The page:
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The histories of science, technology, and mathematics merge with the study of humanities and social science in this interdisciplinary reference work. Essays on people, theories, discoveries, and concepts are combined with overviews, bibliographies of primary documents, and chronological elements to offer students a fascinating way to understand the impact of science on the course of human history and how science affects everyday life.
Science in the Ancient World : an Encyclopedia, Russell M. Lawson - Science Reference Q 124.95 .L39 2004
In hundreds of A-Z entries on key scientists, discoveries, and inventions, Lawson (history, Bacone College) explores scientific inquiry from the beginning of recorded history, 4000 BCE, to the fall of the Roman Empire in the 6th century CE. An introduction overviews the evolution of science from ancient times to the 17th century. A topic finder helps readers quickly locate subjects including people, countries, scientific disciplines, and institutions. A chronology and a list of print and Internet resources are included.
Medieval Science, Technology, and Medicine : an Encyclopedia, Thomas F. Glick - Q 124.97 .M43 2005
Level 2 Circulating Shelves
Science in the Enlightenment : an Encyclopedia,William E. Burns - Science Reference Q 121 .B87 2003
Covering the full range of scientific disciplines, his alphabetically-organized reference text features hundreds of entries on key scientists, discoveries, and inventions, spanning a period beginning with the reorganization of the French Royal Academy of Sciences in 1699 and concluding with the careers of the noteworthy group of scientists born between 1765 and 1780 who were shaped by the dramatic changes of the French Revolution and the romantic movement. The text includes an extensive chronology and bibliography of print and online resources. Illustrated in b&w.
The History of Science and Religion in the Western Tradition: An Encyclopedia - BL 245 .H57 2000
Religion/Family History Library Circulating Shelves (Level 2)
Reaching back to Greece in the fifth century B.C.E. and proceeding to the late twentieth century, this volume describes the relationship of science and religion throughout history. From ancient cosmology and medieval occult sciences to modern physics and psychology, every major intellectual movementand discipline of study is covered. There is also comprehensive coverage of the foundational aspects of the study of science and religion, with, for example, detailed discussions of the demarcation of science and religion, of epistemology, and of causation. Coverage of scientists' religious concerns Also included here are biographical studies of major scientific figures-among them Galileo, Newton, and Darwin-who were particularly concerned with the religious implications and dimensions of their scientific discoveries.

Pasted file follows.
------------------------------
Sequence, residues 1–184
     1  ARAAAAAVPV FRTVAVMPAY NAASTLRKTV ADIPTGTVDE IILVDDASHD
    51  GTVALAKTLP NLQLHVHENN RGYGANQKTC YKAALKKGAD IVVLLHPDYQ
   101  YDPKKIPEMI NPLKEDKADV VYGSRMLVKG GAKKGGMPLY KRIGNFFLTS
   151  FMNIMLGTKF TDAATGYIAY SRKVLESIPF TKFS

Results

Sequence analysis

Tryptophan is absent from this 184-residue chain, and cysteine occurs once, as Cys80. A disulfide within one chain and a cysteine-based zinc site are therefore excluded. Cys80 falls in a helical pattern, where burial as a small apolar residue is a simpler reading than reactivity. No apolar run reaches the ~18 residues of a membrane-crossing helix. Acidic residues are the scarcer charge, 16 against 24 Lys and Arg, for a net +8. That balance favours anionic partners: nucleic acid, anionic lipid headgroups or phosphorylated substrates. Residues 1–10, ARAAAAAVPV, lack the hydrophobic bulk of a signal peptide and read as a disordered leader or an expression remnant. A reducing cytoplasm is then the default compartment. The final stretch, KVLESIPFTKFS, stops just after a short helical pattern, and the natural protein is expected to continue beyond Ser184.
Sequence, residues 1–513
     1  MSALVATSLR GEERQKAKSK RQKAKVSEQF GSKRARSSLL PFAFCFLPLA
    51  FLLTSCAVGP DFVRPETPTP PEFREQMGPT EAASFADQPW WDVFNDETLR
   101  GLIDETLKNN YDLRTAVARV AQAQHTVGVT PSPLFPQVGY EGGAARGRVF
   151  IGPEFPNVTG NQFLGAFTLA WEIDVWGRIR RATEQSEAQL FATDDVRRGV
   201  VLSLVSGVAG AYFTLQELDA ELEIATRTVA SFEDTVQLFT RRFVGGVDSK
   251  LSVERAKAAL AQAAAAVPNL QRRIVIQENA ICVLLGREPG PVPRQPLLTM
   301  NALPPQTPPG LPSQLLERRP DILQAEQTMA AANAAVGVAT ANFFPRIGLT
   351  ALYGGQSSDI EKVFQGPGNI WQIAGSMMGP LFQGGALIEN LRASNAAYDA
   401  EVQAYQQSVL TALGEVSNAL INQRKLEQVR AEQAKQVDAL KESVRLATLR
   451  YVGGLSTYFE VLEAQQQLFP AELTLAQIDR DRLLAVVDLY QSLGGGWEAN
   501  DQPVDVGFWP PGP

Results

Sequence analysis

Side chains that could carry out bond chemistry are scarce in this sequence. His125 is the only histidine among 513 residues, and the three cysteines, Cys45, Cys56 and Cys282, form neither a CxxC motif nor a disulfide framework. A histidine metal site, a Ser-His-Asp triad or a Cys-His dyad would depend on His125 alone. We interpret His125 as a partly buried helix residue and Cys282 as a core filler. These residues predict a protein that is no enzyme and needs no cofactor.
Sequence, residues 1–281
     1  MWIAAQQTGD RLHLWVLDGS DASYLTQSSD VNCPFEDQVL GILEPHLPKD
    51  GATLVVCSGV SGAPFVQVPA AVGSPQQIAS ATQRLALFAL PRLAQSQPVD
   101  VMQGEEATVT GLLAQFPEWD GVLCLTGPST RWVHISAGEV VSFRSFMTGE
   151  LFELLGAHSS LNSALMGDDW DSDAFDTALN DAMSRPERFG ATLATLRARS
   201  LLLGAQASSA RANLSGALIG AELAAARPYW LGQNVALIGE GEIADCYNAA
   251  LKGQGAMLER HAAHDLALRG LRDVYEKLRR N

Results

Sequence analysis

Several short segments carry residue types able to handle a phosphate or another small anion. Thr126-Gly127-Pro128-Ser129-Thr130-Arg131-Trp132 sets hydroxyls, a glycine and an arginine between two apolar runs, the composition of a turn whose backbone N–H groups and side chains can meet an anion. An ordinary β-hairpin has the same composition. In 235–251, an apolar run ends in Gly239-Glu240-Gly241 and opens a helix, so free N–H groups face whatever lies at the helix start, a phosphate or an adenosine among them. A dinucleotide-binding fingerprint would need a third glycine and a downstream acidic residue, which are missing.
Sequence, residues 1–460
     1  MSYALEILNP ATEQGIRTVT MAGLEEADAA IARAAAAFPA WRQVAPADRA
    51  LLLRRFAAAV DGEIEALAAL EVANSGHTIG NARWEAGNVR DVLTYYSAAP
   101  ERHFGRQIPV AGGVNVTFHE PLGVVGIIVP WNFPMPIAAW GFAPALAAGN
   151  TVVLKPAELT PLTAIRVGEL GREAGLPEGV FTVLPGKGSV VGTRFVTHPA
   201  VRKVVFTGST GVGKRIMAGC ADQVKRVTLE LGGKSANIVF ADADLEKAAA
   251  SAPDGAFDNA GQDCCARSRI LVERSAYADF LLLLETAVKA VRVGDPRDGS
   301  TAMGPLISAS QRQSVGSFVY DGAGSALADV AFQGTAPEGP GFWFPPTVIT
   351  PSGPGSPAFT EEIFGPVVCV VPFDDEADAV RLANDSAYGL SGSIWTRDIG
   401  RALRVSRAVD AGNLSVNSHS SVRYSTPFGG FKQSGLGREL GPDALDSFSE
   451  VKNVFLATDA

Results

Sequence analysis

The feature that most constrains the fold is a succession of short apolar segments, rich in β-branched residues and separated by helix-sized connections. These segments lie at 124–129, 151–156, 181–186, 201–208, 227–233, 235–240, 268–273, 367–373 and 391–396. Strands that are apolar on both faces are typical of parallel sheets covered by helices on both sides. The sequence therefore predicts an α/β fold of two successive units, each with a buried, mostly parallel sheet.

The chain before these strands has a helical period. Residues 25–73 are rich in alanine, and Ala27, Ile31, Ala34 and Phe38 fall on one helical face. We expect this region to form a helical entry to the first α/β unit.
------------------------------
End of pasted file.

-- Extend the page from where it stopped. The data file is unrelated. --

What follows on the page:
The Oxford Companion to the History of Modern Science presents an unparalleled history of the field invaluable to anyone with an interest in the technology, ideas, discoveries, and learned institutions that have shaped our world over the past five centuries. Focusing on the period from the Renaissance to the early twenty-first century, the articles cover all disciplines, historical periods, concepts, and methodologies and philosophies. Coverage is international, tracing the spread of science from its traditional centers and explaining how the prevailing knowledge of non-Western societies has modified or contributed to the dominant global science as it is currently understood. One hundred biographies of the most iconic historic figures, chosen for their contributions to science and the interest of their lives, are also included.
Covering roughly three centuries (from 1350 into the late 1600s), this encyclopedia includes information on philosophers and scholars, artists and musicians, movements and theories, friars and aristocrats, playwrights and poets, and other individuals and terms likely to be encountered while studying European history, literature, art, or philosophy. Volume one begins with a lengthy chronology which is divided into six headings: politics and society; religion; visual arts and architecture; performing arts; literature, humanism, and printing; and philosophy, science and exploration. Each volume includes a section of color plates (paintings mainly) as well as a comprehensive index. Each article concludes with a bibliography.